Forest of Dean & Wye Valley


In R.Richardson, Reviews on September 6, 2013 at 12:32 pm


The recently published memoir, “This Boy”, by Alan Johnson is no ordinary politician’s autobiography. It ends where others might begin, with Johnson’s marriage at the young age of 18. His childhood was quite unlike that of most of his political contemporaries, and he tells his story with a vividness and simplicity that is quite compelling.

Johnson was born in 1950, in poverty stricken North Kensington, now gentrified out of all recognition. Many houses, including his family’s, were condemned, had no electricity and shared a lavatory in the back yard. Indeed, the shocking conditions were what might have been expected half a century earlier.

His mother, Lily, is one of the stars of the book. The other is Linda, his elder sister. Lily, a small, feisty Liverpudlian has to cope with a feckless and sometimes violent husband, and also a serious heart condition which proves fatal when Alan is only 13. Lily does her best for her children, working two or three jobs, mainly cleaning, to support them. She dreams of “having her own front door”, and poignantly the offer of a new three bedroomed house in Welwyn Garden City comes through two weeks after her death.

Johnson’s sister, Linda, the other star in the book, takes charge aged just 16. She is determined that she and her brother should stay together. She fends off well meaning relations from Liverpool and council officials who want to send Alan to foster parents and herself to a Doctor Barnardo’s hostel (she is by now training as a nursery nurse). The offer of the house in Welwyn Garden City was withdrawn, but thanks to Linda’s persistance, a flat is finally offered to the two of them in Wandsworth.

This story is set against the backdrop of 1950s’ London. The unscrupulous land lord Peter Rachman was operating and there were racial tensions, though Alan Johnson had left the area by the time the Notting Hill riots finally erupted. The infamous murder of Kelso Cochrane. an innocent black immigrant, is almost witnessed by Lily.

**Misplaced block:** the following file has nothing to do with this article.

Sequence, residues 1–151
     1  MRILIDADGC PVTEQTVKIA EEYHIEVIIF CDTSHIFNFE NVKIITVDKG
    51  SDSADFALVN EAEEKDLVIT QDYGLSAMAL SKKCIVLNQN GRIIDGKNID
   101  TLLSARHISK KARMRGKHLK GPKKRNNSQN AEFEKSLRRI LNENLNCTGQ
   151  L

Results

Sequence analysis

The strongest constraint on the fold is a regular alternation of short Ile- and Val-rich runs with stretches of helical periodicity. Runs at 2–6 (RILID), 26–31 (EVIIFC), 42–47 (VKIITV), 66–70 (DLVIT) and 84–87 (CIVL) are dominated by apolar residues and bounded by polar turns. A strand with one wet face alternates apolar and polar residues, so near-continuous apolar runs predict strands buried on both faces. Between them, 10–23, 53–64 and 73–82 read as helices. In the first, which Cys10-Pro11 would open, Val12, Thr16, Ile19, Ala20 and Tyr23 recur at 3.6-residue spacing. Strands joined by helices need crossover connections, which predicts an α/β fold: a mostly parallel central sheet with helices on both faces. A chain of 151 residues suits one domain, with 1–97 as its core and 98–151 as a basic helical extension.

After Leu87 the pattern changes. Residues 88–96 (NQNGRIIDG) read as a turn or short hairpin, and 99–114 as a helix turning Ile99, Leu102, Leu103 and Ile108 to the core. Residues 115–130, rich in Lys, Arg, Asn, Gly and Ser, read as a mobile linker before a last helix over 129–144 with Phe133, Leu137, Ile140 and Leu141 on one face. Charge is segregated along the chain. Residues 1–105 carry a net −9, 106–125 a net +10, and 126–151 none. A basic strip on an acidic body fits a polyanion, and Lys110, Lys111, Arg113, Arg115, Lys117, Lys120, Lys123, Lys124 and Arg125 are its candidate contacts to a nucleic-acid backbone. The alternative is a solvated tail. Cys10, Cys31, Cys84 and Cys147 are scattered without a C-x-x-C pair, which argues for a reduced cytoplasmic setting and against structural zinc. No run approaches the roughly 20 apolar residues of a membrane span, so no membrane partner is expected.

By contrast, the music scene of ‘fifties London was important to young Alan, a self-taught guitarist. The one gift that his feckless father had left him was musical talent. Johnson was in a number of “boy bands” which peppered the London scene in the 1960s and indeed the ’70s. Johnson hoped when he left school to make a career in music, but as we know his life followed a very different path.


In an age when most of our politicians, especially those in the ranks of government, come from privileged backgrounds, Johnson is surely unique. He served in Cabinet under Blair and Brown, and according to the Spectator came to be “the potential Labour leader most feared by many Conservatives“.

Now aged 62, Alan Johnson is presently treading water on the opposition benches. He looks forward to Labour returning to power and doesn’t rule out an eventual front line post. A man to watch and a man to admire, I think – and you can’t say that about many politicians!

“This Boy: A memoir of a childhood” is published by Bantam Press. 2013.

  1. I thought you might be interested to watch Alan Johnson in The Origins of Notting Hill Housing, a short documentary which shows how a group of passionate social reformers set about tackling the appalling housing conditions found in Notting Hill in the mid-1960s. Here’s the link:

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